World Peace Cookies

Absolutely delicious Dorie Greenspan recipe which started life as a Pierre Herme recipe.  Best if made with Dutch Cocoa!  I left the salt out of these by mistake, and I have to say I’m not missing it at all!  They’re studded with broken up Belgian dark chocolate sticks (the ones made for pain du chocolat, so they don’t melt in the oven quite as much).

Recipe is here…World Peace Cookies.  Dorie has provided metric measurements here.

Jean-Francois’ gooey cake

This dead easy recipe from Trish Deseine’s wonderful book Chocolate is a household staple.  This is my version, sized down to fit my 26cm (10″)  flan dish (and comfortably serving 4 – 5).

  • 150g (5.5 oz)  good dark chocolate (I use Callebaut)
  • 150g (5.5 oz) unsalted butter
  • 4 large eggs
  • 150g (5.5 oz) sugar

Preheat oven to 180C (350F).

Melt butter and chocolate in microwave in short bursts on high (or melt together in double boiler on the stove).  Allow to cool slightly (so as not to scramble the eggs in the next step).

Beat egg yolks and sugar together in a large mixing bowl until the mixture is pale.  Combine the two mixtures together.

Whisk egg whites to stiff peaks.  Stir a small amount of the stiff egg whites into the chocolate mixture to lighten it, then gently fold the remaining eggwhites into the mix.

Pour into 26cm (10″) flan tin and bake for 25 minutes, or until cake is well risen and just past the really wibbly stage.  Cake will collapse as it cools, leaving a slightly raised crust around the edges.  We served it with homemade icecream.

Just out of the oven….

Prawn Crackers for Chinese New Year

I tried making my own Malaysian style prawn crackers this year.  They’re made from Australian Crystal Bay Prawns (banana prawns) and tapioca flour.  I’ve realised there are two separate skill components here – the making is a long, laborious process, but the deepfrying is equally as tricky, and contributes just as much to the final success of the cracker.  The nice thing about making my own is that I know what went into it (no MSG), how they were processed, and what oil they were fried in (Grapeseed).  Next time they could use a smidgen more salt, but all in all, a pretty successful first attempt.  The original recipe, with wonderful step by step photos, is here.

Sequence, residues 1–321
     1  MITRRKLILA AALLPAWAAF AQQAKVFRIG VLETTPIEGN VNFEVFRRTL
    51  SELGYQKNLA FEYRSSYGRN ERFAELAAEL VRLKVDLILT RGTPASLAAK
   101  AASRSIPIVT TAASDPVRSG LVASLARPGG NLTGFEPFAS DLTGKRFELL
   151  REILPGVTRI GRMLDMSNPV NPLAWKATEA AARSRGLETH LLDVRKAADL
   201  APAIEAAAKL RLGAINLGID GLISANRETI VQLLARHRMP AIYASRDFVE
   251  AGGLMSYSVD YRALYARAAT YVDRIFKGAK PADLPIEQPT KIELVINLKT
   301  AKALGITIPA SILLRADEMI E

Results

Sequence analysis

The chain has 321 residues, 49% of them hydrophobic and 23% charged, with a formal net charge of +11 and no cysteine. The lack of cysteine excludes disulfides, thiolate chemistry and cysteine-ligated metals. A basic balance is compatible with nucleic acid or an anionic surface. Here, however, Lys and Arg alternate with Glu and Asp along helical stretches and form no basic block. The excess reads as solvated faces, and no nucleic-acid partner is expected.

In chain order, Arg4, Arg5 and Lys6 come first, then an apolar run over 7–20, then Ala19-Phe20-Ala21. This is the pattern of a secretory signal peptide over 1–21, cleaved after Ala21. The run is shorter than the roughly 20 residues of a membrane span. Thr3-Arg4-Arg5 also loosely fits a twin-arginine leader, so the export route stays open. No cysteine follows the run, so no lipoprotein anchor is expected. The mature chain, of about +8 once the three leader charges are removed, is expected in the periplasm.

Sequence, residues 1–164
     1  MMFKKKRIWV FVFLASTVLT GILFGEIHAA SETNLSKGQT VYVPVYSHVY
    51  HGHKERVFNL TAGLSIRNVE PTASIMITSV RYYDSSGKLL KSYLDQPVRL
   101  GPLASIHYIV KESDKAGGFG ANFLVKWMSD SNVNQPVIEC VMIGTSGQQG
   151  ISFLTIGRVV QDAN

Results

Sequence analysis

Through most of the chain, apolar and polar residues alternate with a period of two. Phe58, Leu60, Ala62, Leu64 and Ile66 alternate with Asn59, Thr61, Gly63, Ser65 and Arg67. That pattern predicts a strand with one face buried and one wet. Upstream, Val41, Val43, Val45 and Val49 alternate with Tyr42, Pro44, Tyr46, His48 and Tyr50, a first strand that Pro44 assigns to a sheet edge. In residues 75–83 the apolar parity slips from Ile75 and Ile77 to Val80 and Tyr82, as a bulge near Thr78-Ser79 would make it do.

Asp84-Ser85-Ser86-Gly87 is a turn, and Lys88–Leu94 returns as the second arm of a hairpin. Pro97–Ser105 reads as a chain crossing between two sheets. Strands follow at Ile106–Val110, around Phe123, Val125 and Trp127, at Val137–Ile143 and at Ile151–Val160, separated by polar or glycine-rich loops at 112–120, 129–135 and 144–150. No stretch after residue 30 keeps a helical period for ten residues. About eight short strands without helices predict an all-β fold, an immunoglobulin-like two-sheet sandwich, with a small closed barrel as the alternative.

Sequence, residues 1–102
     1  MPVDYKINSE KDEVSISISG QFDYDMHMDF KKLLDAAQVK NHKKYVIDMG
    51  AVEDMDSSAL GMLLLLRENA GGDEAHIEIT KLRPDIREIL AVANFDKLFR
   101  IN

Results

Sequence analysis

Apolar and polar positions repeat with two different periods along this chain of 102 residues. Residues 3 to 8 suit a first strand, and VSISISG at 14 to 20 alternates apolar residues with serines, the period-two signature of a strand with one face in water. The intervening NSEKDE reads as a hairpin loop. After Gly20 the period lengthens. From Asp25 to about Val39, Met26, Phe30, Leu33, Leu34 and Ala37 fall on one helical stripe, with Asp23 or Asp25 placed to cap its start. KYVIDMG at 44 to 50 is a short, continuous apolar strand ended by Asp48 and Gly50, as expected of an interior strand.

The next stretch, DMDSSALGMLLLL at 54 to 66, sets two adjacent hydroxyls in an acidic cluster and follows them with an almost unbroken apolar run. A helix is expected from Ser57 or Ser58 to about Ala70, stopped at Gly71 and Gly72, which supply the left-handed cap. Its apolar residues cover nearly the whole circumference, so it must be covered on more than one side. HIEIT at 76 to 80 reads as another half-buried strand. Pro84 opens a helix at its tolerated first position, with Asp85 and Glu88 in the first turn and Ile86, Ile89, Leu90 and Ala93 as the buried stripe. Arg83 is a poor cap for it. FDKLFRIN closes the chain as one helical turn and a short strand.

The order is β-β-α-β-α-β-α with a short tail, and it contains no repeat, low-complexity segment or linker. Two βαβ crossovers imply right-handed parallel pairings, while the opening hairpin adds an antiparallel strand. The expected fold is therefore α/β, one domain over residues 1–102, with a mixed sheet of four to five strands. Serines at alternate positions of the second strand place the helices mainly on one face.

Small girl across the road loved these..  🙂

New Cookies

Yesterday I tried two new cookie recipes, both of which were made in the food processor. (I’m lazy – if I have to wash the food processor, I might as well make good use of it while it’s out).  The first is a chocolate oatmeal cookie from the Jacques Pepin Celebrates cookbook.  It’s particularly interesting in that the recipe has no egg in it, and only 1/4  cup sugar.  It’s a shortbready treat, studded with currents and lacquered with dark chocolate.

The second is a French cookie (over here we’d probably call it a biscuit), the recipe for which I found in Dorie Greenspan’s archives (I’m currently working my way through her blog).  It’s called a “Punition”, although I really don’t know why, unless you’re going to be punished with an enlarged rump for eating too many of them, as they’re pretty addictive.  In this recipe, the quality of the butter is very significant, as the flavour dominates the finished cookie.  I thought this was a great opportunity to use a batch of Pete’s homemade butter, which he made just last week.  It was made with heavy cream (10.5% fat and pure, no thickeners added) which we allowed to sour a week or so past its expiry date, and had just the tiniest bit of crushed Maldon salt added to it.  The recipe made a huge batch of crisp, delicious butter cookies which I’m shovelling into my mouth as I type.  🙂